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UPDATE: Thousands of oranges spill on I-295

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HANOVER COUNTY, Va. (WTVR) -  Police charged the driver of the tractor trailer that overturned and spilled oranges on I-295 in Hanover Friday morning with reckless driving – failure to maintain proper control.

Jose A. Cruz, 36, of Orlando, Fla., was wearing his safety belt and suffered minor injuries, according to Virginia State Police spokesman Sgt. Thomas Molnar.

Orange spill on I-295 (PHOTO: Jerrita Patterson)

Orange spill on I-295 (PHOTO: Jerrita Patterson)

The truck was hauling 76,000 pounds of oranges, according to state police.

"There was a diesel fuel spill from the saddle tanks of the tractor-trailer after it overturned," Sgt. Molnar said.

The spill closed all lanes of I-295 north near Rt. 627/Meadowbridge Rd. between 4 a.m. and 7 a.m. Friday, VDOT advised. The far left lanes reopened by 7:15 a.m.

Drivers were told to use Exit 37 to Route 360 as an alternate route.

Orange spill on I-295 (PHOTO: Jerrita Patterson)

Orange spill on I-295 (PHOTO: Jerrita Patterson)

The orange spill happened about 3:30 a.m. when the truck ran off the right side of the interstate and overturned when the driver over corrected, according to state police.

"The crash remains under investigation," Molnar said.

Orange spill on I-295 (PHOTO: Jerrita Patterson)

Orange spill on I-295 (PHOTO: Jerrita Patterson)

This is a developing story.


  • Brittius

    I thought that Virginia was an 80,000 pound state? If 76,000 pounds of oranges were hauled then maybe, 35,000 pounds to 40,000 pounds extra for tractor and trailer units must be added. At 116,000 pounds, Virginia would need an R-117 permit for weight to be legal.

      • Brittius

        Absolutely. In New York State, at 80,000 pounds, 2% overload is allowed only due to fuel necessary to operate the vehicle. Federal Highway Safety Administration has all brakes rated for 55 mph at 80,000 pounds, and all tires, even load range G and H, rated 55 mph at 80,000 pounds unless otherwise stated by the manufacturer and embossed on the tire.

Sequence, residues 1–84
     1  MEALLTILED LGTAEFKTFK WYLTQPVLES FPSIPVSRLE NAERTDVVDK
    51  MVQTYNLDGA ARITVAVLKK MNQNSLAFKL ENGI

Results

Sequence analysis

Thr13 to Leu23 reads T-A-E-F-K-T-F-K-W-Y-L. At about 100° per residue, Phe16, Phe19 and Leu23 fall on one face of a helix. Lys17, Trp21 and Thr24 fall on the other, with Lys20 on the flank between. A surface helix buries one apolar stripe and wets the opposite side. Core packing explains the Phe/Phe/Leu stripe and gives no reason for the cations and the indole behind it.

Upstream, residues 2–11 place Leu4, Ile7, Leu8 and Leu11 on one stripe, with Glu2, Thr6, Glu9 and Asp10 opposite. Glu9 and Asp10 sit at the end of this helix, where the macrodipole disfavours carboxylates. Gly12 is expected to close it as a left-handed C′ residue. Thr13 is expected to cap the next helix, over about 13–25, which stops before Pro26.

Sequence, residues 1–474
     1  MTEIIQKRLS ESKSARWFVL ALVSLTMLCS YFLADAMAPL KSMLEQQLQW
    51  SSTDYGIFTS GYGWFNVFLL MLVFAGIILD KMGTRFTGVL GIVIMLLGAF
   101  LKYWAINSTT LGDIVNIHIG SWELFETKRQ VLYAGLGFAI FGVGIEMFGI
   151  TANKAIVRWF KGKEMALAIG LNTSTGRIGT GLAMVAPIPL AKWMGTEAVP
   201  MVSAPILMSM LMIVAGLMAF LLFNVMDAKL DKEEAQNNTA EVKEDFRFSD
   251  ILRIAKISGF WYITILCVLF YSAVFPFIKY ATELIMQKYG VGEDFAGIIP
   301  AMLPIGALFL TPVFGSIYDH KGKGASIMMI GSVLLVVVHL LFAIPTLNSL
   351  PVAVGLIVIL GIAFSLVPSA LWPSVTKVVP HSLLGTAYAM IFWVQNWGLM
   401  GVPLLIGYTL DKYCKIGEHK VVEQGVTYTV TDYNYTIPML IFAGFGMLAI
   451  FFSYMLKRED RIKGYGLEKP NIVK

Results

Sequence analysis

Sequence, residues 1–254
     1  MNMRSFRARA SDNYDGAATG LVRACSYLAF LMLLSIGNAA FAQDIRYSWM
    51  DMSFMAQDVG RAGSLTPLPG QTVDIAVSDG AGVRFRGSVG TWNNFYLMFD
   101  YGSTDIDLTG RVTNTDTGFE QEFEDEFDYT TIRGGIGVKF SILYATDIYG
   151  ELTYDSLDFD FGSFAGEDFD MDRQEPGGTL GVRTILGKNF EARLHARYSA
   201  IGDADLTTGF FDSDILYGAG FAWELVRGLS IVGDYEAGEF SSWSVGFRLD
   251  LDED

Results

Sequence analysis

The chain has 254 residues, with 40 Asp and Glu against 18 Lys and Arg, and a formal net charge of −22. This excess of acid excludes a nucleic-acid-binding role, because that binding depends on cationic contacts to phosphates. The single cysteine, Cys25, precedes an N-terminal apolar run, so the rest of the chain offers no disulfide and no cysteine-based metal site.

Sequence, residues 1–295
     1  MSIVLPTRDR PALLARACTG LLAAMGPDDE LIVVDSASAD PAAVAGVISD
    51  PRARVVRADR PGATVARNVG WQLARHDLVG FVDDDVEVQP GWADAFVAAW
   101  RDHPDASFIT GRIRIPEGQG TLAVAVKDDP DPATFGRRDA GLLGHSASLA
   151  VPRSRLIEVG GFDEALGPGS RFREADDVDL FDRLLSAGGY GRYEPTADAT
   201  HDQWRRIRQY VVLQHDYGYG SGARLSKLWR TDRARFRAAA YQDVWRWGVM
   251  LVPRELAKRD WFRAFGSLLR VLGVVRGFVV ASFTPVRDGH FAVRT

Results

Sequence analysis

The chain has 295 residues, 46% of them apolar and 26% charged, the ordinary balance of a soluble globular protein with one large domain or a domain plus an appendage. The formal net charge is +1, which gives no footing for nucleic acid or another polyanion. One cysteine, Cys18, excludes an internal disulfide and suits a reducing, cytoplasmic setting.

With overweight permit, the vehicle must be in the right lane and, the permit is void if speed is 2 (TWO) mph above posted speed limit or above 55 mph in non-posted areas.
        At night, too many push excessive speeds. Weights might not be perfect. It only takes one brake chamber to be out of adjustment, even with automatic slack adjusters. Add a little sleepyhead and fatigue. A 40 ton missile.

  • Ron Melancon

    Wake up!!! Companies who want to push the safety limits transport at night! Over 50% of all trucks and trailers and the abused FARM TAG have major safety violations! I have an e mail from a local police chief that they acknowledge that construction trailers are moved at night bexactly for this reason. ORANGE JUICE ANYBODY?

  • Payne

    76,000 pounds of oranges would be seriously overweight. That’s probably gross weight – a reporting error

  • Mary

    I am so glad that I’m not the only one who noticed the ill reporting error here. The largest overweight permit my licensing and permits department has seen is 5% which is only 84,000 lbs. And assuming the load originated in Florida, it would have to have gone through how many weigh stations? And there is no way a long haul driver hauling of fresh produce would only drive while the weigh stations are closed. It would take too long, and he wouldn’t make any money. Reporters seriously need to get their facts straight before releasing rediculous numbers. Not only does it make them look stupid, it gives our industry a bad name.

  • Orange You Fed Up Yet?

    Was this driver juiced? At the very least, the taste of those oranges didn’t sit well on his pallet.

Comments are closed.